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Thursday, 31 January 2013

Gear For Sale - Pumps, Solar Controllers & More

Ley and I hate throwing good equipment away, yet somehow each year we accumulate items that just don't have a home aboard.  Over the past few months we've accumulated quite a hoard, and we want to get rid of it !

So, if you need a 12v watermaker pump or a 3/4" water strainer, or new valves for your inflatable dinghy, we've got a deal waiting for you.


Check the full details by clicking here.


If you need a solar controller, small pressure storage vessel, priming tank or a DC ammeter, give us a call. Its all functional and in good condition, some is new.

We'll gladly accept beer in lieu of cash - A$20 equals one IBU (International Beer Unit), which is 24 cans.  You get the idea.... and postage is extra !


A Room With A View

Ley reminded me the other day that it has been a few years since we were "serious" cruisers.  It's taken three months since we re-launched at Boat Lagoon, but it now really does feel good to be cruising "properly".  We're discovering new places, meeting new cruising friends and getting back into the regular swing of life afloat.

So I thought we should share this image, taken during our rigging inspection a few days ago at Ko Phayam. Those who've been following our work will pick the new solar panels on the bimini, but no one can pick the 30 or so plastic cable ties that needed replacing between the bottom of the mast and the top.  Fortunately I love the view.

Sunday, 20 January 2013

Thai Trawlers

Clean & Tidy,  But The Smell ..... !
In this part of the world cruising sailors quickly become familiar with the local Thai trawlers and squid boats.  At sea they often move in unpredictable and haphazard directions, keeping us on our toes as we pass them off the coast.  They also often work in pairs, trawling a huge net between the two boats, and we do know of yachts that have been "netted" in this way - not a lot of fun !

Friday, 18 January 2013

Can You Keep a Secret ?

Buffalo Bay
We're anchored in a slice of paradise at Ko Phayam, near the Burmese border.  After a week, we now find a new excuse each day not to leave. There are a few jobs to finish where we need a quiet anchorage - tick. We have friends arriving soon...still waiting - tick. There is another side of the bay, yet to be explored - tick.  We could go on ....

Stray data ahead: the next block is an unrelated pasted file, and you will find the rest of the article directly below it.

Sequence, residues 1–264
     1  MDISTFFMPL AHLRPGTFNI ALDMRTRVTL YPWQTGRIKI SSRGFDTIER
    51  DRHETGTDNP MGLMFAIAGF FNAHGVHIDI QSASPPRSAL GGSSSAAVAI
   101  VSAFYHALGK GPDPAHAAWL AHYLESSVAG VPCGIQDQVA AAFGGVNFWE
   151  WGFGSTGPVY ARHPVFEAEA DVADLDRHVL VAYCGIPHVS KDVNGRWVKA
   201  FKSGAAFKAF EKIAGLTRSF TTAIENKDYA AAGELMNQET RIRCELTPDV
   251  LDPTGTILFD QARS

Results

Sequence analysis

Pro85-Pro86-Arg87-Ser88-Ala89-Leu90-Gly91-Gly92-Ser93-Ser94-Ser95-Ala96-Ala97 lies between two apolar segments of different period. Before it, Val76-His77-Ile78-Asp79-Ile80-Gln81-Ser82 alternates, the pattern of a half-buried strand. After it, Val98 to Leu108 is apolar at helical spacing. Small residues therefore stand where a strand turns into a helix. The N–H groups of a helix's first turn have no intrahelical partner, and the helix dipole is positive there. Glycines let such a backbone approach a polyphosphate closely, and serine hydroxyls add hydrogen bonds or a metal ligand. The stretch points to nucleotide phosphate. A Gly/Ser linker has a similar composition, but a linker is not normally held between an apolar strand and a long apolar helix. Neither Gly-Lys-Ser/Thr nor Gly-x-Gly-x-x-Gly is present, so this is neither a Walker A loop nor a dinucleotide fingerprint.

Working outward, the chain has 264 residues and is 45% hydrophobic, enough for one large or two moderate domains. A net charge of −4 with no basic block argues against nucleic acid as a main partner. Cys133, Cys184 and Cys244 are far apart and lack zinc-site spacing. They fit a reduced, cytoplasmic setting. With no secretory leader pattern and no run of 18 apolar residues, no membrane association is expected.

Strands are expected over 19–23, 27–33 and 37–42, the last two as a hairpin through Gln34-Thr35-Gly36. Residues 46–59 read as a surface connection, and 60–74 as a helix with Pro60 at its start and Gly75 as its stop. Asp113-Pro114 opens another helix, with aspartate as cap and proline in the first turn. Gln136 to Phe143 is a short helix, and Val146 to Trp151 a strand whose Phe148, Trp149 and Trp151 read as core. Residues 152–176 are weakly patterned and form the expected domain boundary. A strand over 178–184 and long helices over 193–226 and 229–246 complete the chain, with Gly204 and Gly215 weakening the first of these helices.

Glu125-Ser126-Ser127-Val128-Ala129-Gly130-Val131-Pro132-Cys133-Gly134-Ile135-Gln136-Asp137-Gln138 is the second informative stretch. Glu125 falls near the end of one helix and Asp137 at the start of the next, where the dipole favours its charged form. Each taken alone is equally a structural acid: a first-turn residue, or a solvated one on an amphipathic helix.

We do love it here, and have to ask ourselves why it has taken us 7 years to sail here. It is some comfort that we met another boat that has been in Asia since the mid 1990's arrived here for the first time the same day we did.  Is this the best kept secret in Thailand?  Many say that Ko Phayam is now like Phuket was 30 years ago.

Our first anchorage was at Long Beach, which many cruisers have christened as "Wide Beach", as it shallows very slowly and at low tide the dinghy drag back from the high water mark is across a firm 50 meter beach. We rented a motor bike, criss crossed the island on the narrow concrete paths and dirt tracks.

There are no cars here, a few tractors that cart around drinking water and generator fuel, and many motor bikes. The paths took us through acres of cashew nut and rubber tree plantations and also natural jungle.

We rode across to the pier and the main village, purchased fresh fruit and vegetables, explored all points of the compass and then collapsed at the first village. Neil recovered with a massage, Ley with her book.

Friday, 11 January 2013

Cruising Into the Mist

Clear Water & Sandy Bottom At Nai Yang Beach
Last week we departed Phuket for a short cruise along the north western coast of Thailand, up to (but not over) the Myanmar border.

Our first anchorage was Nai Yang beach, where life is very sweet. The water is exceptionally clear, the bottom is sandy and a reef wraps around both corners giving reasonable protection.  There is a great afternoon market on Tuesday, Thursday and Saturday, mini marts, cheap massage and literally a hundred restaurants either on the beach or lining the one and only road.

We had great wind on our sail to Nai Yang and then the following day to Ban Thap Lamu. 8 to 12 knots, usually from a friendly direction, so our sailing moments have changed into endless hours of delightful sailing in flat water.